We believe that the best of America is in these small towns that we get to visit, and in these wonderful little pockets of what I call the real America, being here with all of you hard working very patriotic, um, very, um, pro-America areas of this great nation.

Did she mean to invoke a “real America” discourse? Probably. Can we be sure? No. But Cruz definitely meant it.

3. It isn’t just the Republicans

Both Sarah Palin and Ted Cruz are Tea Party “darlings” (a media cliché I have grown to hate). They’re both Republicans. Their political views are similar enough that Piers Morgan actually called Cruz “the male Sarah Palin.” So should we then assume that the “real America” discourse is a conservative phenomenon? I couldn’t find a Democrat using a verbatim “real-America” formulation—if you can find one, please post it below—but I suspect that Democrats too are prone to this kind of semantic division. We can find the liberal version of the “real America” discourse whenever we hear talk about “Main Street” or “everday people,” phrases popular across our political spectrum.

As easy as it is to dismiss the “real America” discourse as a sideshow, it can easily infect our political discourse without our realizing it. It’s pernicious. It’s divisive. It’s why I flinch whenever someone mentions “flyover country.”

If you want to know more:

  • I consider Cruz’s “back in America” comment a clear case of the dissociation of concepts. In this particular dissociation, the term America gets split into two unequally valued terms: real America and, I guess, fake America.  You can probably guess which one is more valued. For a quick introduction to the dissociation of concepts (which isn’t nearly as complicated as it might sound, I promise), please see my entry on the NC same-sex marriage referendum. Or, better yet, pick up a copy of The New Rhetoric by Chaïm Perelman and Lucie Olbrechts-Tyteca.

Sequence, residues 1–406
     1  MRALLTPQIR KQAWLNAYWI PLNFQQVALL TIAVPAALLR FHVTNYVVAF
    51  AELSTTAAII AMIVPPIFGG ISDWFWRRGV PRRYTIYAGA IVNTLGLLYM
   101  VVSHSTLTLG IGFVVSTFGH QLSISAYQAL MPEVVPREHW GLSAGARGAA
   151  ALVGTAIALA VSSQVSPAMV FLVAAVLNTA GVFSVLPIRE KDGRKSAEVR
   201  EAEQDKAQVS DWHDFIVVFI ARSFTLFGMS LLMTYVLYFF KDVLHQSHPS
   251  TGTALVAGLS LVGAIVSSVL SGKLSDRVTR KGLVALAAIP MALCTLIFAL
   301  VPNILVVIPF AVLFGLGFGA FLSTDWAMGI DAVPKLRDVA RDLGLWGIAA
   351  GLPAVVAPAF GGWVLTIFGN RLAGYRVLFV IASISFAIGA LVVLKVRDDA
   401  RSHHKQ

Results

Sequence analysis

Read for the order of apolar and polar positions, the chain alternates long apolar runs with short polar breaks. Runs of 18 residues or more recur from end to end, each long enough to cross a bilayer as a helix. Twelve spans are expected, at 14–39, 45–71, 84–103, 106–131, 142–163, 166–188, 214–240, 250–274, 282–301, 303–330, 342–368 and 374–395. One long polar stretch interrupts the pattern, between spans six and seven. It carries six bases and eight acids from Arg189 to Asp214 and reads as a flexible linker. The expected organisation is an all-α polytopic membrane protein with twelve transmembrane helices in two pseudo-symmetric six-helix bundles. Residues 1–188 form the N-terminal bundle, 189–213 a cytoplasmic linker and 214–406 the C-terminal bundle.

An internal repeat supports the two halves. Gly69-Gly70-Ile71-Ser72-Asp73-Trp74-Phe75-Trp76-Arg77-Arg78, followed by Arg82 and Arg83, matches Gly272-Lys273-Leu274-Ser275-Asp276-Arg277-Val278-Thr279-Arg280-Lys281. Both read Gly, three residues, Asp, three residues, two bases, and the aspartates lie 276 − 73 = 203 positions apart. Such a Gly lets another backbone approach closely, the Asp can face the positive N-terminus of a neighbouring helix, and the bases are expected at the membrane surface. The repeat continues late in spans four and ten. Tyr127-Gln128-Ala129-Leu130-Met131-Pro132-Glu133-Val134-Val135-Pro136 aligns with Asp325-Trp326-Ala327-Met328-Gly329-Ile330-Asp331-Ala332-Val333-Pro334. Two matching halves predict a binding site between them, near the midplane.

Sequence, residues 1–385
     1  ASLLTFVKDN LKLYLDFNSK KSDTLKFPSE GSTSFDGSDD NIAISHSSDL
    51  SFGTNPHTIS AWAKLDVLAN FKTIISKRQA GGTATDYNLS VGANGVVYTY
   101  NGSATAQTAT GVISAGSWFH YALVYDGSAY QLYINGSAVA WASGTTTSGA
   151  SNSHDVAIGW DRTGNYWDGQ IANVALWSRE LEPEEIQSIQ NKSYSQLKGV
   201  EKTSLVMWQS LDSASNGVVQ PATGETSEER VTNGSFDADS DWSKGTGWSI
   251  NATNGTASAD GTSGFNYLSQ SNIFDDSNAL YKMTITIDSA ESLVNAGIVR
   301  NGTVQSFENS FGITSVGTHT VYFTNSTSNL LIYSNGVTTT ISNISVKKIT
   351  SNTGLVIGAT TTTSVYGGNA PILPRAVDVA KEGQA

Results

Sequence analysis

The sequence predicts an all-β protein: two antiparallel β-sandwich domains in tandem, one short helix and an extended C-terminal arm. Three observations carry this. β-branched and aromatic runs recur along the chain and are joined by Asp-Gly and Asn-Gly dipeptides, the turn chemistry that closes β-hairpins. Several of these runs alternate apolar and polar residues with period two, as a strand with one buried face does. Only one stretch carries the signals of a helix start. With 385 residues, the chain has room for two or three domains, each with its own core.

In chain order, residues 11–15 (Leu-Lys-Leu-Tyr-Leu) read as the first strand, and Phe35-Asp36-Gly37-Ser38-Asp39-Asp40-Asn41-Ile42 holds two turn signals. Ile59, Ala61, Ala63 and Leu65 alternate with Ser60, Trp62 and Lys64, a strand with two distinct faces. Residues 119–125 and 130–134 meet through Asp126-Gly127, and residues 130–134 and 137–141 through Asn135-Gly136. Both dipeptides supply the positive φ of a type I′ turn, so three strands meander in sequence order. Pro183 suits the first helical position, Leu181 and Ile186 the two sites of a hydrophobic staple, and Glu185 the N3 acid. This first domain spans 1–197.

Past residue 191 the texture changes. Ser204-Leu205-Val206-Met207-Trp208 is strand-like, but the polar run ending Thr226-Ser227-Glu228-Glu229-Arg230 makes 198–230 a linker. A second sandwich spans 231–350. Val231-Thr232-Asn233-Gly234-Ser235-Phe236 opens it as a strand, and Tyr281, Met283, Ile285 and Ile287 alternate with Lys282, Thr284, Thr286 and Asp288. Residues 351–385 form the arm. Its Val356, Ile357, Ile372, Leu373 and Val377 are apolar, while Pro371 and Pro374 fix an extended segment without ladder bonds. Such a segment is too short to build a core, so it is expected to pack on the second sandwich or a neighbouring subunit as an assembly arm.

• Dissociation is usually employed to resolve some kind of contradiction. The appearance/reality split is the classic example. A pencil immersed in water looks bent, but we know it isn’t. To resolve this contradiction, we simply dissociate appearance from reality, with reality being the preferred term. In this case, I’m not sure that any contradiction is being resolved, except perhaps this one: “How can those awful people in Washington be our leaders? How can people who seem so awful be a part of this thing (America) that I value so much?!” The solution: they aren’t. They don’t live in real America; they don’t know what it’s like on Main Street. This is a caricature but you get the idea.
  • I’d be interested to hear a feminist perspective on Piers Morgan’s characterization of Ted Cruz as the “male Sarah Palin.” On the one hand, Morgan’s comparison seems like a reversal of a well-known formula, in which a woman is understood to be “the male so-and-so.” But then, many of the feminists with whom I speak regularly are not, uh, fans of Sarah Palin. It’s probably a wash.
  • If Cruz had simply said “it’s good to be back in ‘Merica” I would not be writing this. As any avid consumer of popular culture can tell you, ‘Merica and America have very different meanings. And there I go, indulging in the “real America” discourse. See how easy it is?